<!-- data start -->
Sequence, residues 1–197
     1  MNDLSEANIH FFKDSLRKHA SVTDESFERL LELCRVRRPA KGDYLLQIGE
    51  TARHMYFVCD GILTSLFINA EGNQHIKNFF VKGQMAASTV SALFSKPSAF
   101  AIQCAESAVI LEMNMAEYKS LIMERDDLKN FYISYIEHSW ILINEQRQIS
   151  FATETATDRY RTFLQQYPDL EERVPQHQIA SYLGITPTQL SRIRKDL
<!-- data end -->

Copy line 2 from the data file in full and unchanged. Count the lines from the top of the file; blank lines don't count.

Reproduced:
     1  MNDLSEANIH FFKDSLRKHA SVTDESFERL LELCRVRRPA KGDYLLQIGE